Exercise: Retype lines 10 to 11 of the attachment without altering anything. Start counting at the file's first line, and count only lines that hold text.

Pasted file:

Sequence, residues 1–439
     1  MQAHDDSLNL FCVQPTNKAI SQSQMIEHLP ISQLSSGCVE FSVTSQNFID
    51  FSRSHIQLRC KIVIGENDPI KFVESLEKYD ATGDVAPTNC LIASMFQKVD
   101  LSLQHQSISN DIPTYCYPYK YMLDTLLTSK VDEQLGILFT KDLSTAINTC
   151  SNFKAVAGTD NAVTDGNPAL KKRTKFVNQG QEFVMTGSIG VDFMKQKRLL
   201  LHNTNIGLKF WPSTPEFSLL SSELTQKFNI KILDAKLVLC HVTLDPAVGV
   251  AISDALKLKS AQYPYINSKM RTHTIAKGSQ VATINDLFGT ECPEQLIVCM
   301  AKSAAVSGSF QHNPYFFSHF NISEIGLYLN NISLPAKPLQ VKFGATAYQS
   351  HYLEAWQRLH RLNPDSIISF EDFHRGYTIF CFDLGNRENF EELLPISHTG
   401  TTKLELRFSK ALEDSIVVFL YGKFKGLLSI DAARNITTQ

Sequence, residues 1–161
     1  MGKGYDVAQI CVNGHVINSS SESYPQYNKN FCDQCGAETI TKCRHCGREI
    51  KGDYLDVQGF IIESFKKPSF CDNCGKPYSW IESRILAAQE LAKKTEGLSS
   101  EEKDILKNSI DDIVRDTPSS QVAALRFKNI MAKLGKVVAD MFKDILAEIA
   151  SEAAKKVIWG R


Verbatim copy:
   401  TTKLELRFSK ALEDSIVVFL YGKFKGLLSI DAARNITTQ

Sequence, residues 1–161